Choose from 23 Fun Things to Do in Siem Reap
This great lake covering 1,000 square miles (2,600 square kilometers) is not only the largest body of fresh water in Southeast Asia, it’s also a UNESCO-designated biosphere due to its remarkable natural features. The flow of water in Tonlé Sap changes direction twice during the course of the year, expanding and contracting with the seasons.
Most travelers choose to experience Tonlé Sap by boat, whether en route between Siem Reap and Phnom Penh or during a daytime or sunset dinner cruise. Depending on the option chosen, a sightseeing boat ride might include a visit to Chong Khneas floating village of stilted houses, a fish and crocodile farm, and a meal at a traditional Khmer floating restaurant.
Those with an interest in the lake’s biodiversity can opt for a day trip to Prek Toal Bird Sanctuary, a biosphere reserve that’s home to more than 150 bird species.
Things to Know Before You Go
- Tonlé Sap is a must-see for adventure travelers and first-time visitors.
- Don’t forget to bring sunscreen, sunglasses, and a hat when cruising the lake.
- Many boat tours on the lake include hotel pickup and drop-off.
- Tonlé Sap day trips can last anywhere from four to nine hours, depending on the option chosen.
How to Get There
Most tours of the lake depart from Chong Khneas, located 7.5 miles (12 kilometers) south of Siem Reap. The easiest way to get to the lake is on a guided tour.
When to Get There
From November to May—the country’s dry season—Tonlé Sap empties into the Mekong River, making the lake’s natural features much less spectacular. If you want to get out on the lake when it’s at its largest, plan to visit during the rainy season (August and September) when the waters reverse and the enormous lake forms. Water levels are at their lowest between April and June. The best bird viewing happens between December and April.
The People of Tonlé Sap
Spend some time on the lake, and you’ll quickly realize that most residents of the stilted houses and floating villages are fishermen. Many of these families are ethnic Vietnamese who’ve been in the trade for decades. For the most authentic view of life on the lake, head farther afield to the villages near Kampong Chhnang and Pursat.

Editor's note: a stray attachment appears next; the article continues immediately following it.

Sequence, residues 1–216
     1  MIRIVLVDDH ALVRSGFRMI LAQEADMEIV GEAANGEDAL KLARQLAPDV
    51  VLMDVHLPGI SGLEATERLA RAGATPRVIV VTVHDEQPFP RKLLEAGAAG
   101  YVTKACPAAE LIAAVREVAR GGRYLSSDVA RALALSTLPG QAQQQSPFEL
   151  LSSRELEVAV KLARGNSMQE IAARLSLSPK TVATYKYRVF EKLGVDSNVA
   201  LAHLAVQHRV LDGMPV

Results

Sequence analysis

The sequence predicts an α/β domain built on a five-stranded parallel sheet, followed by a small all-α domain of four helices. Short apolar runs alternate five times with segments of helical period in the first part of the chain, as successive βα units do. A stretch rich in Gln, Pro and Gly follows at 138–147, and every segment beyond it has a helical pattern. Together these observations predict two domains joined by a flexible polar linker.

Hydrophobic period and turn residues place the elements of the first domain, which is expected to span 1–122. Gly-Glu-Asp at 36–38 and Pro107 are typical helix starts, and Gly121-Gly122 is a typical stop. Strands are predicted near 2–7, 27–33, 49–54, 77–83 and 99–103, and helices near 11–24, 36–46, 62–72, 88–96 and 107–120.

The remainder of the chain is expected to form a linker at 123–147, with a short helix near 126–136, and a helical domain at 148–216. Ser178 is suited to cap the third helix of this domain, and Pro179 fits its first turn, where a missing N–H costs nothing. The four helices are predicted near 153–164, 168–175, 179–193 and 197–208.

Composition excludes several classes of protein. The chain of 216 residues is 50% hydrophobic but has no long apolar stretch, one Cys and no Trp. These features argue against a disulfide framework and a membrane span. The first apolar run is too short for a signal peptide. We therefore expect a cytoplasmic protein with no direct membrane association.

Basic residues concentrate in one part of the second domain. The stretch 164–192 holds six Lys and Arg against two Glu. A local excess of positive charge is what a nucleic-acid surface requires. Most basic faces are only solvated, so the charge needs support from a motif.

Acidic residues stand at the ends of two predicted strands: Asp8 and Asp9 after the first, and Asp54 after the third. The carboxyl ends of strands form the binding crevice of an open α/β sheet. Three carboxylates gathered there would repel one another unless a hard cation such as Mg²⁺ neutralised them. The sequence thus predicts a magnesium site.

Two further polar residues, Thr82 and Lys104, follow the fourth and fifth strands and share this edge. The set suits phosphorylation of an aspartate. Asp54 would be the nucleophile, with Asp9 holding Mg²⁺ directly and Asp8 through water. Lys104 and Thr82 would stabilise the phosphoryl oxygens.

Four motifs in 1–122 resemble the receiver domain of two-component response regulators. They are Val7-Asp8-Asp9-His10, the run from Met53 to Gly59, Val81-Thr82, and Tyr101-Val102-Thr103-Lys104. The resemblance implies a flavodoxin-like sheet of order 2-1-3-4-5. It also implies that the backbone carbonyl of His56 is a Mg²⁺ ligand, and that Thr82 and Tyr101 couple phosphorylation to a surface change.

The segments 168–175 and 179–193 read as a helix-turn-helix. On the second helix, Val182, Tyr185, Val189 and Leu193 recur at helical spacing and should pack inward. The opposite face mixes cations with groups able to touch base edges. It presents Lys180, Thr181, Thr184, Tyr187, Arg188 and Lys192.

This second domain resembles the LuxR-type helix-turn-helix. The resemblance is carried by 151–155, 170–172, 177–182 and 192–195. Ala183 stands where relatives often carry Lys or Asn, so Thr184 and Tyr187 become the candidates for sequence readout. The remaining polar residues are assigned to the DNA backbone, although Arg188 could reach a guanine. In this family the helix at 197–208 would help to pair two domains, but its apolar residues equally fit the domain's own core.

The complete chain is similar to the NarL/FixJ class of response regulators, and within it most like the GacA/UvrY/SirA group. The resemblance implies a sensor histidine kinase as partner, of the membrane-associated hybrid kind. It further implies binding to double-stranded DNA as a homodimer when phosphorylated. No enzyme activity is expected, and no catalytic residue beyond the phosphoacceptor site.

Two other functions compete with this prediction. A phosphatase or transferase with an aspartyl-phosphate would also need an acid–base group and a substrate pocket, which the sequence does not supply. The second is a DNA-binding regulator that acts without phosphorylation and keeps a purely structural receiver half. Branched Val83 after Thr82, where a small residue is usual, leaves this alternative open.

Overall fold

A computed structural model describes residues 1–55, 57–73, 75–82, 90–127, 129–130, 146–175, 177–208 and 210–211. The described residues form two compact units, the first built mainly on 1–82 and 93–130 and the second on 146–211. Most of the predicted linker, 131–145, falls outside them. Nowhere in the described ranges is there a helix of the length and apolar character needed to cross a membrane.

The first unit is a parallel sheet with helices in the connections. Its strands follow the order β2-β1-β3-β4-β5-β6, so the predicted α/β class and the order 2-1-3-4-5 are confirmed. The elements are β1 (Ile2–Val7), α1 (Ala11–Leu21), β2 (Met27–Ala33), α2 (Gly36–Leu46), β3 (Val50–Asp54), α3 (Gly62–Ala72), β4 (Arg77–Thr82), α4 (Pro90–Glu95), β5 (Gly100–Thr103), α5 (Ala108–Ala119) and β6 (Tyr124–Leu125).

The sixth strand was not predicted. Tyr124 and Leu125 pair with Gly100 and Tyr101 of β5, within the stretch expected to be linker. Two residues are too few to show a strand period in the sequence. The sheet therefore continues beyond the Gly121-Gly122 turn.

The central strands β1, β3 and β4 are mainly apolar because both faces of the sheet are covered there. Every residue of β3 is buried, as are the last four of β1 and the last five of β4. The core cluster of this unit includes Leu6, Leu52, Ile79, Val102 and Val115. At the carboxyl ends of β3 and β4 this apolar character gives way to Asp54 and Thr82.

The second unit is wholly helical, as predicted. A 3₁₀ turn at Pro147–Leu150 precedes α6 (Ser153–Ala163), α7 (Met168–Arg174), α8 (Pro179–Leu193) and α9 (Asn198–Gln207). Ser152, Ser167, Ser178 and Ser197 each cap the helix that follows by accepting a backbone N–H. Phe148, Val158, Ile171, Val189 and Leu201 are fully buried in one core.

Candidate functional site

The Bayon temple forms a square at the center of the much larger square of the vast Angkor Thom, and is the architectural highlight of the complex. This was considered by the Khmers to be the conjunction of heaven and earth, though the auspicious site was covered in jungle for centuries.
Like much in the area it dates to the 12th-century reign of King Jayavarman VII, and is particularly noted for its magnificent carved stone faces with their beatific smiles. They depict either the king himself or a bodhisattva; the confusion was probably deliberate.
The bas relief carvings on the temple’s outer walls are a riot of scenes depicting everything from celestial beings and mighty battles to humble village life.
Bayon is within Angkor Thom, which lies 4.5 miles (7 kilometers) north of Siem Reap, past Angkor Wat.
The 3 main temples of Roluos stand apart from the main attractions around Siem Reap, lying to the west of the town rather than on the main northern axis. They’re also significantly older, dating from the 9th century when this area was known as Hariharalaya.
Preah Ko, the oldest, is arranged as two rows of three “prasats” (towers) each, and boasts stunning stone carvings and plasterwork. After that comes the intricate 5-tiered Bakong, and finally Lolei, which dates from 893. This last temple resembles Preah Ko but with 4 instead of 6 towers, once stood on its own island, and is noted for its fine examples of Khmer calligraphy.
The Roluos temples are off National Highway 6 which heads west out of Siem Reap. Get there in a tuk-tuk or hire a bicycle (take good care in the unpredictable traffic).
- Angkor Wat is Cambodia’s most popular attraction, which makes for large crowds. Book your tour in advance to save time.
- Angkor Wat is a sacred site for Khmer people, and visitors should dress modestly. To visit the top tier, you must have your upper arms and thighs covered.
- At any given time, a limited number of visitors are allowed to ascend to the top tier for views of the surrounding landscape.
- A lawn in the outer ring has two free-standing roofless libraries that serve as peaceful places to escape the inevitable crowds.
The last capital of the Khmers is a stupendous complex on a stupefying scale; established in the 12th century on the site of an earlier capital, Angkor Thom dwarfs even nearby Angkor Wat. The city’s 7.5 miles (12 kilometers) of wall is ringed by a moat (which no longer holds water or – thankfully – crocodiles). Each of the five enormous gates is a monument in itself, approached by avenues lined with 108 divinities (good on the left, evil on the right).
Some elevation will help you make sense of the layout; head for the Terrace of the Elephants or nearby Terrace of the Leper King with their intricate carvings, or the hilltop Phnom Bakheng, particularly popular at sunset. Among the myriad other points of interest are the temples of East Mebon and Pre Rup, built in the same “temple-mountain” style as Angkor Wat.
The southern gate to Angkor Thom lies 4.5 miles (7 kilometers) north of Siem Reap, past Angkor Wat. Baphuon and Bayon are also within the complex while much-photographed Ta Prohm lies to the east, an evocative ruin where trees force their way through intricately carved stone.